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A little confused about these kW numbers, please help clarify for me.

5372 Views 60 Replies 23 Participants Last post by  GJETSON
I've seen 2 numbers associated with the Bolt.
11 kW, and 55 kW

I saw a public charging station outside of a Denny's restaurant, stopped by to look at the spec. It read "50 kW". This station only charges $0.50 per hour to charge.

So if I hook up my future Bolt EUV to it, will I get 11 kW/hour delivered to the battery, or will I get 50 kW/hour? I know there are losses due to battery SOC and other factors, so the numbers I posted are ideal/theoretical. Let's assume there's no loss to make it easier to understand.

Thanks!
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I saw a public charging station outside of a Denny's restaurant, stopped by to look at the spec. It read "50 kW". This station only charges $0.50 per hour to charge.

So if I hook up my future Bolt EUV to it, will I get 11 kW/hour delivered to the battery, or will I get 50 kW/hour?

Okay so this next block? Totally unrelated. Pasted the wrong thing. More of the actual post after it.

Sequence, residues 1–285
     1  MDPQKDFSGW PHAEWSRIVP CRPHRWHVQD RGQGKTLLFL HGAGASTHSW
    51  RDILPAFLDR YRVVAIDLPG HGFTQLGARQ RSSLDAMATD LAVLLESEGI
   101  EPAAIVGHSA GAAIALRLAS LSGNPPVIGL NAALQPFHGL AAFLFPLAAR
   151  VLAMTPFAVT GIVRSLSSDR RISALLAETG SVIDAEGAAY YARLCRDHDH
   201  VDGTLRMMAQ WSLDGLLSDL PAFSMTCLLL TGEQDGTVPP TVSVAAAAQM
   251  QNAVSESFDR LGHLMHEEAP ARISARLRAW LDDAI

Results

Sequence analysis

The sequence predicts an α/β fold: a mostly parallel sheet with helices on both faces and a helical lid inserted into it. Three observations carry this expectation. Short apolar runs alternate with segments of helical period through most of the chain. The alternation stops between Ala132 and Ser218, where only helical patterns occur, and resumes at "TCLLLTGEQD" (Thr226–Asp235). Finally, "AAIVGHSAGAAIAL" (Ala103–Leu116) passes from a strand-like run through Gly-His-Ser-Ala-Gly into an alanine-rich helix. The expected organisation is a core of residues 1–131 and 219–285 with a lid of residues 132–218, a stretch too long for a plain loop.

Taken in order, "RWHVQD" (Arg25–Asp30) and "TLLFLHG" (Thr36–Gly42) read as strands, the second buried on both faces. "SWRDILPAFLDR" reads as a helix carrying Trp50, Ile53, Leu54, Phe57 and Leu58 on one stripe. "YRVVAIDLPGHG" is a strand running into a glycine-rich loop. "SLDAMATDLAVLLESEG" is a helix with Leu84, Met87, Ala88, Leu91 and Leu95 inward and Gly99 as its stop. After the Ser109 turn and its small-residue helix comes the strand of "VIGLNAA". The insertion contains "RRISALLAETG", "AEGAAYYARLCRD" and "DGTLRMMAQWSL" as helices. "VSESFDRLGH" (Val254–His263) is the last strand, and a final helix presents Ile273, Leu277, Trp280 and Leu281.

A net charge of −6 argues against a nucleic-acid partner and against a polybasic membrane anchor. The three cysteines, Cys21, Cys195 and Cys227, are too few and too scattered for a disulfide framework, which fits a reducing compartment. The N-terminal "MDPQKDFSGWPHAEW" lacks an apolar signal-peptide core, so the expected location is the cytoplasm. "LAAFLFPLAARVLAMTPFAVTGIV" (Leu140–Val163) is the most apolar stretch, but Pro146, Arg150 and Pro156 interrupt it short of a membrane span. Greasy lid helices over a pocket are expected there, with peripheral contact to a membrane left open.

The correct answer is neither.
A 50 kW DCFC can only provide max 50 kW. It can't deliver 55 kW.
The Bolt EV on a 50 kW DCFC will receive about 44-45 kW in the 0%-50% SOC battery range, if the amperage of the station is 125A (or about 35-37 kW if the amperage of the station is 100A). It will deliver less than 11 kW if you are charging the Bolt EV in the 95-100% SOC range.
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@jefro I think your answer should go the other thread.
Too Funny. I am with you, Zapster. The layman will understand if you said 50 cents per kw. Its like like saying $3.59 per gallon.
I am little conflicted with this approach. Let me explain why. The gasoline is used for more than 150 years already, and everyone knows that the gallon is a unit of volume. So yes, $3.59 per gallon, anyone knows what it means.
But the electric cars are new on the nowadays roads. And people aren't all "savy" about kW, kWh, what one is and what the other means. This is why it is good to remind people that kWh is a unit of capacity and kW is a unit of power. You charge in kW and your battery has x kWh capacity. Yes, if you charge during an hour at a constant power of 5 kW, your battery received 5 kWh but...
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Can you please provide additional information for those of us who have learned, apparently incorrectly, that Level 3 is DCFC?
There are two ways to charge a battery :
  • using AC
  • using DC
The AC charging can be done on 110V and 240V circuits, thus L1 and L2 names. L1 = AC @ 110 V, L2 = AC @ 240 V.
DC fast charging IS NOT a level of AC, thus the use of L3 name is wrong.

I hope I made it simpler for everyone to understand.

P.S. I find myself sometimes using the L3 naming when I talk about DCFC. This doesn鈥檛 mean I am right, only shows I am human.
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